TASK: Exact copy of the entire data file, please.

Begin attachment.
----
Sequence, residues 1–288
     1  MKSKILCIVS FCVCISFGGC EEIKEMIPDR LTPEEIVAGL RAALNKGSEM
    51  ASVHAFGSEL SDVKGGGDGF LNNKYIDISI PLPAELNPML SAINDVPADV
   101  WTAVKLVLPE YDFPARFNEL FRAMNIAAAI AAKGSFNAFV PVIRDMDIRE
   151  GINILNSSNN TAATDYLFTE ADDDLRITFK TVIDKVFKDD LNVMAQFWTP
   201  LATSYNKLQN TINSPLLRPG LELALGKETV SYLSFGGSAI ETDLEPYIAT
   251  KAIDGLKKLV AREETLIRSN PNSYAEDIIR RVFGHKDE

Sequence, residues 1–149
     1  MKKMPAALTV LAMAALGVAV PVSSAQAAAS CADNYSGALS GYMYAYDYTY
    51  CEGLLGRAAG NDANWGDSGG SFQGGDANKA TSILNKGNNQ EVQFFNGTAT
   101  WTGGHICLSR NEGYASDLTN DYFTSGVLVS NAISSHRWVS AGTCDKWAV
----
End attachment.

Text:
Sequence, residues 1–288
     1  MKSKILCIVS FCVCISFGGC EEIKEMIPDR LTPEEIVAGL RAALNKGSEM
    51  ASVHAFGSEL SDVKGGGDGF LNNKYIDISI PLPAELNPML SAINDVPADV
   101  WTAVKLVLPE YDFPARFNEL FRAMNIAAAI AAKGSFNAFV PVIRDMDIRE
   151  GINILNSSNN TAATDYLFTE ADDDLRITFK TVIDKVFKDD LNVMAQFWTP
   201  LATSYNKLQN TINSPLLRPG LELALGKETV SYLSFGGSAI ETDLEPYIAT
   251  KAIDGLKKLV AREETLIRSN PNSYAEDIIR RVFGHKDE

Sequence, residues 1–149
     1  MKKMPAALTV LAMAALGVAV PVSSAQAAAS CADNYSGALS GYMYAYDYTY
    51  CEGLLGRAAG NDANWGDSGG SFQGGDANKA TSILNKGNNQ EVQFFNGTAT
   101  WTGGHICLSR NEGYASDLTN DYFTSGVLVS NAISSHRWVS AGTCDKWAV